Dear Berlin-area Epidemiological Methods Enthusiasts,
You are invited to our next BEMC Talk on Wednesday, April 3rd.
BEMC Talk: Wednesday, April 3rd, 2019 @ 4pm
“One Size Does Not Fit All: Teaching Introductory Epidemiology” – Pamela Rist, Boston, USA
- Please register online: https://goo.gl/forms/pbE7UfFAEX2V1oxG2
- Description: “As epidemiological methods have advanced, there has been debate over whether introductory epidemiology courses should be updated to include more “modern” concepts or if the material covered in introductory courses should remain constant. Additionally, introductory courses greatly differ in length and scope, and since they are offered to students with diverse backgrounds and career goals, it is unlikely that one static course will fit all students’ needs. Sometimes, ‘teaching’ epidemiology happens more informally outside the classroom, such as in small consultation sessions or even when coauthoring a manuscript. In this lecture, we will discuss important considerations when developing introductory epidemiology course material, examples of ways to incorporate modern epidemiology concepts, and strategies to tailor the instruction to fit your audience’s needs.”
- Location: Neurology Seminar Room, Charite Campus Mitte, Bonhoefferweg 3, 1. Etage (look for our BEMC signs)
Upcoming Berlin Epi Events:
- April 17th – BEMC JClub – Paper will be posted online
- May 8th – BEMC Talk – “Machine Learning for Population-Based Health Studies” – Christoph Lippert, Potsdam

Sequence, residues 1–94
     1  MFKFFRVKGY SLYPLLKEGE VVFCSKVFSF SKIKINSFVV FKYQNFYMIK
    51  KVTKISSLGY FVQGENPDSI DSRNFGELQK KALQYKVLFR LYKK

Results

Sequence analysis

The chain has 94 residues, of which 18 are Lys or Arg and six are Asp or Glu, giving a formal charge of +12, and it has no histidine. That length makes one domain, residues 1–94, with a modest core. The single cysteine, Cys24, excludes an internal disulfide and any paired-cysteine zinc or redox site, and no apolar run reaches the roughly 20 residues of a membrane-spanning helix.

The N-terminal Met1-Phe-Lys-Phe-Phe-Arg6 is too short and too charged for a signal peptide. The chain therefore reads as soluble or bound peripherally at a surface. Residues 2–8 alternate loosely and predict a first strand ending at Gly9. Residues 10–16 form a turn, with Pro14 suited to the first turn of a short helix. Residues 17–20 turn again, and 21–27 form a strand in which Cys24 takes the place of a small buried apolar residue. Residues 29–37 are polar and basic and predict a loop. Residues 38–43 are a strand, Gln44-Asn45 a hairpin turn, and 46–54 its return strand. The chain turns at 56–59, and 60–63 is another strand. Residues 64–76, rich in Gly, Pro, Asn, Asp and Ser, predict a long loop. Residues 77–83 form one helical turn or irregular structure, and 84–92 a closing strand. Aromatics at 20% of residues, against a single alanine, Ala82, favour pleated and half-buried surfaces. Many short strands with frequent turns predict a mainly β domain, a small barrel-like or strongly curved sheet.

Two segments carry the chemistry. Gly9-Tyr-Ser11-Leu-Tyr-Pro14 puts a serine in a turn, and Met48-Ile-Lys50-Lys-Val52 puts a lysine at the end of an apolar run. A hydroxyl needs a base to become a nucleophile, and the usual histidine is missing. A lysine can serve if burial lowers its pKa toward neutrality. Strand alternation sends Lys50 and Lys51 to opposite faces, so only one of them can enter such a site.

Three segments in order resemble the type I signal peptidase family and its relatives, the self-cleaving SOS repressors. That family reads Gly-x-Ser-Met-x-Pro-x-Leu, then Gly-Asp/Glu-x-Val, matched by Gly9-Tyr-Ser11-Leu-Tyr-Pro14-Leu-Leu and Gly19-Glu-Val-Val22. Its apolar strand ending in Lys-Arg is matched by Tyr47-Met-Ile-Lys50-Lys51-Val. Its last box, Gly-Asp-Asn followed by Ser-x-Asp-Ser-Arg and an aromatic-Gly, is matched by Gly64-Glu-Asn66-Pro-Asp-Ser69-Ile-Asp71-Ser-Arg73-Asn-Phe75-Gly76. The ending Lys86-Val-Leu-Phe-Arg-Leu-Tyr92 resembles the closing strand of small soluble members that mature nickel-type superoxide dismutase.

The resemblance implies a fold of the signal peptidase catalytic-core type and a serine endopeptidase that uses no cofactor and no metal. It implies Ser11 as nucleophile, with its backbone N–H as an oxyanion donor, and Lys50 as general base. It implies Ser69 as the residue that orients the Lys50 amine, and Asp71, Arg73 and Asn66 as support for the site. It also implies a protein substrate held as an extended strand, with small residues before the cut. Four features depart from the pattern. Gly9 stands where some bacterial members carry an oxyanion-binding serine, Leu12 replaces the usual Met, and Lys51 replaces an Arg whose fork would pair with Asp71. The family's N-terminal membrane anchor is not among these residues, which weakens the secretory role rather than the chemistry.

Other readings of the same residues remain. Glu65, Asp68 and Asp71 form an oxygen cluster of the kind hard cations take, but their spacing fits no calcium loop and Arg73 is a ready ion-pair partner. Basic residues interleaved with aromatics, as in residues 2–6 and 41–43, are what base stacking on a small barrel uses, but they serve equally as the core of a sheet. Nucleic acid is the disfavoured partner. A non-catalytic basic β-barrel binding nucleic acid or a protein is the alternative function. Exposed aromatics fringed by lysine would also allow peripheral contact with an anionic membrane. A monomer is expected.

- May 15th – BEMC JClub – Paper will be posted online
- June 5th – BEMC Talk – “Cool applications in R for epidemiologists” – Jochen Kruppa, Berlin
- June 19th – BEMC JClub – Paper will be posted online
- July 3rd – BEMC Talk – Tentative title: “Pragmatic trials and lessons from venous thrombosis” – Suzanne Cannigieter, Leiden
Interested in other Institute of Public Health events? Visit our calendar to check out upcoming conferences & short courses!
Follow BEMC on Twitter and leave questions for our speakers: @BEMColloquium
We are pleased to be able to share a summary prepared by a student earning credit for participating in the BEMC. A warm thank you to Ana Sofia Oliveira Gonḉalves for letting us share her summary!
Maarten’s slides can be found online: https://www.slideshare.net/MaartenvanSmeden/regression-shrinkage-better-answers-to-causal-questions
As a reminder, we will be having BEMC JClub on Wednesday this week. A link to the article is available under JCLUB.
On Wednesday March 6th, Maarten van Smeden, a senior researcher from the Leiden University Medical Center (NL) shared with the audience valuable insights on coefficient shrinkage in regression, both in a prediction and in a causal research context, with a focus on the latter. The starting point of this lecture was to question the appropriateness of traditional ways of computing the odds ratios (e.g. in a 2×2 table or by standard logistic regressions based on maximum likelihood estimation). Maarten explained that the maximum likelihood estimators for regression coefficients in generalized linear models are biased but consistent.
Throughout the lecture, Maarten used simple logistic regression model as an example. Based on such a model, he provided us with graphical representations of his simulations to show the properties of such estimators. With this simulation he intended to stress the difference between the two concepts of lack of bias and consistency. He then presented us with a solution for the reduction of bias for maximum likelihood estimators: Firth’s correction.
Firth’s correction is a penalized estimation procedure that shrinks regression coefficients, thereby removing a large part of the finite sample bias. The Firth’s correction can be readily implemented in a causal research context and packages in statistical programs already exist. Maarten mentioned other shrinkage estimators, such as Ridge or LASSO can conducted for prediction purposes, since biased coefficients are better suited for this purpose. Nevertheless, he warned the audience against its use in a causal inference context, since these approaches are designed to create bias in coefficient estimators, rather than to remove it.